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Warp 6» Forums » Reviews

Subject: Simple, portable, fun rss

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Calvin Daniels
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Warp 6 is an interesting little game coming to the public from the small games publisher Pair-of-Dice. I say interesting because of how the game is put together in terms of mechanics, and how the game actually plays.

Starting with the components of this 2002 release, it is one where the elements are really simplicity at work.

The playing surface is a screen printed cloth which looks like a large men’s handkerchief, or small table cloth. It’s simple, but works well. I do wonder how well it might wash should the cloth get dirty. If it washes well that would be a huge plus especially since the game really does transport well for taking camping, to the park, or coffee shop. The cloth is at least black, with the play area screened in white.

As you can imagine the ‘board’ folds into a rather small package for storage, or transport.

The game pieces are equally simple, a handful of dice. In a two-player game each combatant gets nine dice, four four-sided, three six-sided and two eight-sided dice. When three players hook up in Warp 6, each player gets six dice, one less of each type.

That’s it as far as game components.

From there, game designers Brian Tivol, Greg Lam, and Luke Weisman developed a rather simple, yet potentially deep game.

Each player initially roll their handful of dice, with the person with the highest number going first. That person places any one of their dice on the first node of the spiral designed game board course. The second player goes next, and so on until all the dice are played.

The number on the dice indicated how many spots it can move on a turn as it progresses around the spiral course.

In the two-player game the goal is to get six dice to the centre of the board, three players only need to race four to the centre.

Like most race games, there is more to it than simply moving the dice.
When you move a dice, and it lands on another dice, the moving dice gets to ‘warp’ down to the next ring of the spiral course. If it lands on another dice at that point, it warps again, allowing for a chain of ‘warps’ which of course gives the game its name. By warping, you speed your movement to the centre.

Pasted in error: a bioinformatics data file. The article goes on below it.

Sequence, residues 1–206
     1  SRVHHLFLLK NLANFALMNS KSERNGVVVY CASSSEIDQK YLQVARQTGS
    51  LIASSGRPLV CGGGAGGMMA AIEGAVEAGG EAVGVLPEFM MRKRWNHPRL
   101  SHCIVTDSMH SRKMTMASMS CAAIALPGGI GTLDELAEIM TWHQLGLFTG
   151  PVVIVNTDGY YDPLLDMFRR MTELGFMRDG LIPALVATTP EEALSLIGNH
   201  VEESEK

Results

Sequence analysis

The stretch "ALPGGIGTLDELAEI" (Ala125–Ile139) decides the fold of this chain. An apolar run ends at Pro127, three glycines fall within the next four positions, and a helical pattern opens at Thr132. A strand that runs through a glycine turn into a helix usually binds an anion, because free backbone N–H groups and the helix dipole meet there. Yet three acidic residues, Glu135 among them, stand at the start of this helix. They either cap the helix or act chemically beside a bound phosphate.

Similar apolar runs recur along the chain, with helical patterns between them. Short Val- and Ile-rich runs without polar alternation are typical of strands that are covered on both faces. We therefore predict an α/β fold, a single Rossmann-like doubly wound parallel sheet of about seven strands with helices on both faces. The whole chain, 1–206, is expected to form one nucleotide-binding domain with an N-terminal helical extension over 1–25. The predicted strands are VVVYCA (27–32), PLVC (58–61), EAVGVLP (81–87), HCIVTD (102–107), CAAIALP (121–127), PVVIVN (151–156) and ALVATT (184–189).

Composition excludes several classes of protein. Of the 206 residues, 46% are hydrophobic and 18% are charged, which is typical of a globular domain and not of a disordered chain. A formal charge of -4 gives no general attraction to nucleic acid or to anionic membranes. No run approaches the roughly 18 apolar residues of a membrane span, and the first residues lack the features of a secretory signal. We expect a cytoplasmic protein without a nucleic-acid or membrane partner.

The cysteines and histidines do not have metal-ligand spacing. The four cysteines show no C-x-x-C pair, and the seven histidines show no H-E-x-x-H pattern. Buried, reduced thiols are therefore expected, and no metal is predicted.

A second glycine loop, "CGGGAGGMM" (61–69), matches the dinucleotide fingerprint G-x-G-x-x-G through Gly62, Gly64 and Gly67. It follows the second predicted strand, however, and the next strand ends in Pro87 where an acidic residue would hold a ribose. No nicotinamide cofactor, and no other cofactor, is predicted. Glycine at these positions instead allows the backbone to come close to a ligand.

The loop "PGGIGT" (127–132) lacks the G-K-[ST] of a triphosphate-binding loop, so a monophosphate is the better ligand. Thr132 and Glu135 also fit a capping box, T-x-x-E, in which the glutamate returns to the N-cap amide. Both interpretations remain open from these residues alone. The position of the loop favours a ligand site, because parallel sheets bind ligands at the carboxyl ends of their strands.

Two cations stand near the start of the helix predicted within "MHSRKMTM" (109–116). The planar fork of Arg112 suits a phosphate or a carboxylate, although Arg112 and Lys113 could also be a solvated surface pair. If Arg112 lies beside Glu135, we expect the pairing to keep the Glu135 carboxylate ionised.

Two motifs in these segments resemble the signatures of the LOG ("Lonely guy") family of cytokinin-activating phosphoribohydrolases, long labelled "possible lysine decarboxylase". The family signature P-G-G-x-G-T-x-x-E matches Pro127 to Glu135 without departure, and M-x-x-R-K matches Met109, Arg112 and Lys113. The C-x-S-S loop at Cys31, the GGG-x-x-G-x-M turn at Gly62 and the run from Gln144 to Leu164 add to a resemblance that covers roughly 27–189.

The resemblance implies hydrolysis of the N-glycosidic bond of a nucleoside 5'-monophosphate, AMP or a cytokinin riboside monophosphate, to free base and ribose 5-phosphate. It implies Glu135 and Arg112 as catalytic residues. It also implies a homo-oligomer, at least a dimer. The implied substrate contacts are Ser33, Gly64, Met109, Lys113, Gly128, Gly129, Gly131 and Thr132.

Adding an element of luck to the mix, a dice that does warp is re-rolled, giving it a new number.

Instead of making a move, a player can adjust the number of a single dice up, or down one number.

The rules fit on two sides of an 8X11 page, and include some visual examples, which speaks to the simplicity of the game too.

Warp 6 is still very much an abstract strategy game even with the ability to change a dice number, because players see all the pieces, so they have perfect information. It’s a nice use of the dice rolling mechanics without it really influencing the game with dumb luck. If that dice roll really bothers you, it could be house-ruled out of the game easily too.
The strategy of Warp 6 comes in with attempting to set up chains of ‘warps’ for your pieces, or making moves to break chains before an opponent can make the jumps.

The small element of luck which is added by the roll of a warping dice is really a nice little twist to things.

This is a great little game which shines based on simplicity, portability, and that is plays two and three players equally well. You just can’t go wrong with this little gem.

-- This review appeared originally in Yorkton This Week newspaper in Saskatchewan, Canada.
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Bill H
United States
New Jersey
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"Shijuro" in Awatum (Serpent's Tongue)
"A master in the art of living draws no sharp distinction between his work and his play, his labour and his leisure, his mind and his body, his education and his recreation." LP Jacks
Please forgive me asking, but did you write the article for Yorktown This Week or are you just reprinting it here?
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